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oritizing projects and eliminates the
subjective bias of management.
“It simply offers more viewpoints
than just one person’s,” he said.
“Plants and departments are
encouraged to adjust their objectives
to align with corporate’s. These then
cascade down to the plant associ-
ate level and into each individual’s
Personal Development Review (PDR)
goals,” Brown said. The Safariland
Group Operations team established
five levels of review for metrics to
include the previously mentioned
individual PDR level, the cell hourly
process board review, the departmen-
tal daily + Quality, Delivery, Inven-
tory, Productivity (QDIP) review, the
End-of-Day cross functional review
and the Quarterly Business Review.
These metrics are then used to moni-
tor results against the pre-defined
metrics and action items being imple-
mented to deliver a positive result.
According to Brown, continuous
improvement efforts resulted in a
consistent manufacturing cost im-
provement annualized at about $1.5
million per year, a variable cost of
productivity improvement of 6.5 per -
cent year -to-year and a steady flow of
new ideas at the plant level. By using
prioritization tools, the company has
ensured that resources are allocated
correctly and are in alignment with
corporate goals and objectives.
Associate engagement is critical to
The Safariland Group’s continuous
improvement journey. Associates are
encouraged to educate themselves
“using real books,” and to look for
means to implement their ideas
by “mapping their processes, find-
ing bottlenecks and using available
resources to implement change,”
When associates have a process im-
provement idea affecting cost, quality,
safety, delivery or other factors, they
submit a card detailing that suggestion
to the site’s production coordinator.
After ideas are vetted, the associates
receive written feedback and congratu-
lations. Implemented ideas are then
posted and tracked on a bulletin board,
along with a picture of the associate
who provided the suggestion.
Associates also receive quarterly
and annual recognition for a “job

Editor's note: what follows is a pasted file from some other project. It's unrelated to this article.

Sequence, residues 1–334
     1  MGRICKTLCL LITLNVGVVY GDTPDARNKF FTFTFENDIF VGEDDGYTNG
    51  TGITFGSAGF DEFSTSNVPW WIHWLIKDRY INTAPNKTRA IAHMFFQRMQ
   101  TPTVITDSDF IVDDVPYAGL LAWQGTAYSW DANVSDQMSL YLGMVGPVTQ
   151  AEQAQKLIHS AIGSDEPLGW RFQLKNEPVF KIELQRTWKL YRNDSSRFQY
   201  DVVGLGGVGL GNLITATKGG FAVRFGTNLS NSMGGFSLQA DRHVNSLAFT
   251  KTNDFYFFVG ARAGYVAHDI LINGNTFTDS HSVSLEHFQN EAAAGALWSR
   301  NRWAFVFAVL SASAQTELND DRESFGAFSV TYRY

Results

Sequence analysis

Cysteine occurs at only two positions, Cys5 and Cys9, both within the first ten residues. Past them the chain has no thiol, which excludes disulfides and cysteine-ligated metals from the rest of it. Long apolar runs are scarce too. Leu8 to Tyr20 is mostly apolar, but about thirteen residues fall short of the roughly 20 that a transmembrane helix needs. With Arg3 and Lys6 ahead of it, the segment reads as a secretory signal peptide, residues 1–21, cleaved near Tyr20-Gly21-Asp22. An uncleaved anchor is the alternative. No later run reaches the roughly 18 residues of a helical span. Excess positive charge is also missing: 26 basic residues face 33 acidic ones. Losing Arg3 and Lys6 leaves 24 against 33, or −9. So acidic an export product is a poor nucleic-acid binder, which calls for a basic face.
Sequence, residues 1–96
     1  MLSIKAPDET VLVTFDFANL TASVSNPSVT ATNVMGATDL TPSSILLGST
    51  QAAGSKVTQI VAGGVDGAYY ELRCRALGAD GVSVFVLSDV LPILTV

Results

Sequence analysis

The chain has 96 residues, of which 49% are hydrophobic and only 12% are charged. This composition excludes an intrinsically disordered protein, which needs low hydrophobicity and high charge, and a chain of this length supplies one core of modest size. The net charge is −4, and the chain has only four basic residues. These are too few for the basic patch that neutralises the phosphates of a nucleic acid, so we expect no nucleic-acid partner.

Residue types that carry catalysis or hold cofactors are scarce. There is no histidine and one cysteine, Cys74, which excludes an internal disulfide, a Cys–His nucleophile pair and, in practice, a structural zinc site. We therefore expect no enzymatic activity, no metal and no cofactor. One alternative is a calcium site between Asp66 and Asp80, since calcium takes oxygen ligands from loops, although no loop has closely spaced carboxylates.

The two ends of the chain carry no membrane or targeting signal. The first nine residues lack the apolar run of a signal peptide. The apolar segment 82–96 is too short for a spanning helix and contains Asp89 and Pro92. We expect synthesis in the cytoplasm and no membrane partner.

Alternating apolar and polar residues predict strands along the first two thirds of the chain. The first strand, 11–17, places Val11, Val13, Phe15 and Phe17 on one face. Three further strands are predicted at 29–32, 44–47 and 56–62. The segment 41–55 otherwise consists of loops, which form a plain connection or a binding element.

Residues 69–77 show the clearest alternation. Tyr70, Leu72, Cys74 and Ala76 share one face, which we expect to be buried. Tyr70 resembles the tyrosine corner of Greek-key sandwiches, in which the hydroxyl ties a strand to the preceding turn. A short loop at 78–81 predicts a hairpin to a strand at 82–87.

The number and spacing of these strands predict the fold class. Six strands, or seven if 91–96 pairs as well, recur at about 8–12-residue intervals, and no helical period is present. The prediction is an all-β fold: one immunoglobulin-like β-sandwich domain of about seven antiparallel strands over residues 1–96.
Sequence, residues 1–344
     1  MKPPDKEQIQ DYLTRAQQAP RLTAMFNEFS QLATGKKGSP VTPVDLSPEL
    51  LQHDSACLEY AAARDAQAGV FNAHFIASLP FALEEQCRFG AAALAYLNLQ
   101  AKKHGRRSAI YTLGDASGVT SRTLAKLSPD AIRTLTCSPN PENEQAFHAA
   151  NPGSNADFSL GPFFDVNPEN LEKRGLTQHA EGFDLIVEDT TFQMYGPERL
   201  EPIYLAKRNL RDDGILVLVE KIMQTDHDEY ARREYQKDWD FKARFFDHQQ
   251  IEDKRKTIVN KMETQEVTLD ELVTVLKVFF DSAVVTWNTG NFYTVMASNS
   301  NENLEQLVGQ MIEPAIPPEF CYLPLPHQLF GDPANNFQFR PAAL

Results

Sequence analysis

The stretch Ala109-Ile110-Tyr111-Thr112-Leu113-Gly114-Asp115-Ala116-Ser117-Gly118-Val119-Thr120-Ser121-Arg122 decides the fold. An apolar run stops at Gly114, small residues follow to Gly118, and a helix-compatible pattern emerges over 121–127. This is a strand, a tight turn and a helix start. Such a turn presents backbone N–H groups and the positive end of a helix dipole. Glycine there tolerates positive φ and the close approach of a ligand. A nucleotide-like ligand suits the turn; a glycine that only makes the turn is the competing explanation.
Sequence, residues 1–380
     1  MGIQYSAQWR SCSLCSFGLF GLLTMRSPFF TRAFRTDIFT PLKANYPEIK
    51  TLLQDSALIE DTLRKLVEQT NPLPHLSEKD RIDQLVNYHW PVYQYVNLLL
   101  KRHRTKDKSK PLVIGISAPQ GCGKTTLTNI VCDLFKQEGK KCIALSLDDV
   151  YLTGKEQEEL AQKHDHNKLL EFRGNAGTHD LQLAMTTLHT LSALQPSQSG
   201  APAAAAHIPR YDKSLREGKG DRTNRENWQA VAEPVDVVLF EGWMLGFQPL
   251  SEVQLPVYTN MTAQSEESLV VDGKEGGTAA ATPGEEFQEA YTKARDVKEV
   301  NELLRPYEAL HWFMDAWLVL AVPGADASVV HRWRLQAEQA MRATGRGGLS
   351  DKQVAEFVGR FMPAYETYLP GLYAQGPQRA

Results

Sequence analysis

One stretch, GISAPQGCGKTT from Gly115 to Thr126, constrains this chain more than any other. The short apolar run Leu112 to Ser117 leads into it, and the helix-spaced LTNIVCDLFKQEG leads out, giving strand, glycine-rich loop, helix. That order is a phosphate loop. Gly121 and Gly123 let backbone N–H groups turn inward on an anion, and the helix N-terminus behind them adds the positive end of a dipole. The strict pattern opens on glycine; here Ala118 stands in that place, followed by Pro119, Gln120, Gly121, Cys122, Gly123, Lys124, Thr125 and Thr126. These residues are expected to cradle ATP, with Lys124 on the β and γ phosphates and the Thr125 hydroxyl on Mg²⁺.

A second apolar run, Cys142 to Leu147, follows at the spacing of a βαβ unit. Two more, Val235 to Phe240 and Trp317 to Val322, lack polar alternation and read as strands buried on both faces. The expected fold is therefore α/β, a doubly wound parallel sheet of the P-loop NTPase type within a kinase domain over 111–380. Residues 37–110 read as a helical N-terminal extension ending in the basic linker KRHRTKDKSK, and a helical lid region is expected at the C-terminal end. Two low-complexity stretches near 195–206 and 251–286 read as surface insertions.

well done” through the company’s
Values in Action program. Anyone
can submit the name of a fellow as-
sociate for exceptional service, and
each selected honoree receives a
plaque and a personalized shirt.
The company’s Go-Yield-Stop
safety program also encourages
associate participation. Monthly
and annual recognition is given to
associates who do something, such
as wiping up a spill that may not be
part of their job description. That
would be an example of “Go,” while
“Yield” reports on the need for main-
tenance or attention to something,
and “Stop” indicates immediate ac-
tion is needed to eliminate a hazard.
The overall improvements made in
the environmental, health and safety
areas helped The Safariland Group
win one of EH&S Today Magazine’s
Safest Companies in America Award
in 2013, an honor that was given to
a handful of elite U.S . companies.
Perhaps the most valuable associ-
ate engagement perk is The Safari-
land Group’s Skill-Based Pay pro-
gram, which rewards an employee for
learning and taking on new job skills,
particularly those most in need.
Some associates are very special-
ized in their job skills, Brown said.
However, it can leave the company
struggling if that person is out sick
or leaves the plant. As such, The Sa-
fariland Group pays associates more
for every new skill they add. For ex-
ample, the company used to struggle
to find enough sonic welders in its
Jacksonville facility. At one time, it
had only four. With this program,
The Safariland Group improved its
team of sonic welding certified asso-
ciates by tenfold and now has 40.
“After we did the first continuous im-
provement with the body armor depart-
ment, I had a team of associates admit
they never thought it would work,”
Brown said. “That was a good lesson for
me. We have to be better at explaining
and transitioning our associates to see
how change can be successful. Once
they get a taste of it, they want in. They
want to be part of the success.”
Next up, The Safariland Group’s
continuous improvement journey will
go enterprise-wide, from sales and
marketing to finance and human re-
sources. When complete, Brown said
he expects the initiative to save the
company $3.5 million annually.
“Once it’s enterprise-wide, it will
be hard for the competition to catch
us!” Brown said.
The Safariland Group will host
a tour at its Jacksonville facility
during this year’s AME Annual
The Safariland Group Operations team established levels of review for metrics, including
Quality, Delivery, Inventory, Productivity (QDP) review.
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